Aite Group Tests Financial Banking Apps – The Results Are Alarming

Third-Party Tested Several Android Banking Apps, Proving Just How Vulnerable They Are

A report prepared by the advisory firm, Aite Group for Arxan, confirms financial mobile apps are full of vulnerabilities.  According to their findings these gaps stem from a lack of security controls and insecure coding within the apps themselves. 

Although the results are rather enlightening, the advisory firm opted not to provide the names of the apps or financial institutions within their report.  The only information disclosed was that each company was headquartered in either the U.S. or Europe, and the apps were accessible within the Google Play Store.  This doesn’t exactly help narrow down the options, considering any major banking institution’s mobile app can be found in the Google Play Store. 

Unfortunately, it appears the security issues found by the Aite Group will likely go unresolved for some time, as the advisory firm has opted not to contact the financial institutions regarding the vulnerabilities. 

The Findings

The findings, as detailed in the report, confirm the banking institutions tested are choosing not to include encryption capabilities and are failing to implement code hardening coding practices.  Both of these controls are designed to protect mobile apps from being tampered with.  By choosing not to deploy these controls, the security of the mobile apps significantly decreases.

One may think, in order to crack the code and begin freely accessing private data, it would take a significant amount of time and skill.  However, that is not necessarily the case.  The testing group was able to effectively “break into” the application in less than ten minutes.  Upon cracking the code, they could identify APIs, read file names, and access sensitive data.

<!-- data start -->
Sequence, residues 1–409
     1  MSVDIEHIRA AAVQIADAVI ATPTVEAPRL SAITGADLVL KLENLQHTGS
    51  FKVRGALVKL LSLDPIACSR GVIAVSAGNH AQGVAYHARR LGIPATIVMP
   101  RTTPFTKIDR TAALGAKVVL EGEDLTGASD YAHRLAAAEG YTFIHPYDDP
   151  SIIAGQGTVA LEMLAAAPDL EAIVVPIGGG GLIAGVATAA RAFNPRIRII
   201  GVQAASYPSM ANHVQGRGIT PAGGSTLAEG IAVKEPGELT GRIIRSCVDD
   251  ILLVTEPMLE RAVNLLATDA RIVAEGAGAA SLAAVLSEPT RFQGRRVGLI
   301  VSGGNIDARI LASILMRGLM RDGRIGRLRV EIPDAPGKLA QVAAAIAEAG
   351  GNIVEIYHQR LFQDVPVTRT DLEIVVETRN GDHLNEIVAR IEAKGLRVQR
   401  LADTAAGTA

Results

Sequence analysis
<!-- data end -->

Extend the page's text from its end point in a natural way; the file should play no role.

What may be considered even more alarming is, 97% of the tested apps were easily reverse engineered or decompiled, as they lacked binary code protection.  Additionally, virtually none of the apps tested had security measures in place to detect if the app was being reverse-engineered or maliciously tampered with. 

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12 thoughts on “Aite Group Tests Financial Banking Apps – The Results Are Alarming

  1. Yeah, right. These claims are false, the company making the claims should help the banks patch the vulnerabilities yadda yadda etc etc. Meanwhile guys I shan’t be using the apps just on the chance the vulnerabilities are there. You gamble with your money but I will keep mine safe.

  2. There is a thief in a house on your street but we won’t say which house. It could be your house but we can’t tell you.

    How will you know? You’ll know when you discover that all your possessions have been stolen.

    What an impressive distribution of no information.

    • Unfortunately, Aite Group decided not to release the exact list of applications so we couldn’t pass them along.

  3. This sounds like another “anonymous source” articles. I don’t believe a word unless someone is accountable.

  4. This sounds somewhat disconcerting at first but then it becomes a joke.
    “The apps are vulnerable but we’re not going to tell you which one, and oh yes we’re not going to tell the banking institutions either. We just want to scare you but watch this site we’re going to offer to fix the problem for you. It’ll be a subscription service that offers a two year contract and we won’t tell you if your bank is on the list until you have signed up. The contract can’t be canceled and will automatically renew unless you opt out on the anniversary of your contract and within the one hour timeframe we designate.”

  5. Please tell us what banks and apps are affected. Not nice to keep it from those who purchase your products and believe in you.

    • Hi Pamela, unfortunately, the report did not list specifics – “Although the results are rather enlightening, the advisory firm opted not to provide the names of the apps or financial institutions within their report. The only information disclosed was that each company was headquartered in either the U.S. or Europe, and the apps were accessible within the Google Play Store.”

  6. Android apps only and what banks? You make these claims but fail to list the banks you tested. I say bogus claims.

  7. While this is alarming to read, it sounds too anonymous. If this group really could hack apps that easily, why wouldn’t they sell their techniques to the banks so that protection could be applied ?
    Just saying…

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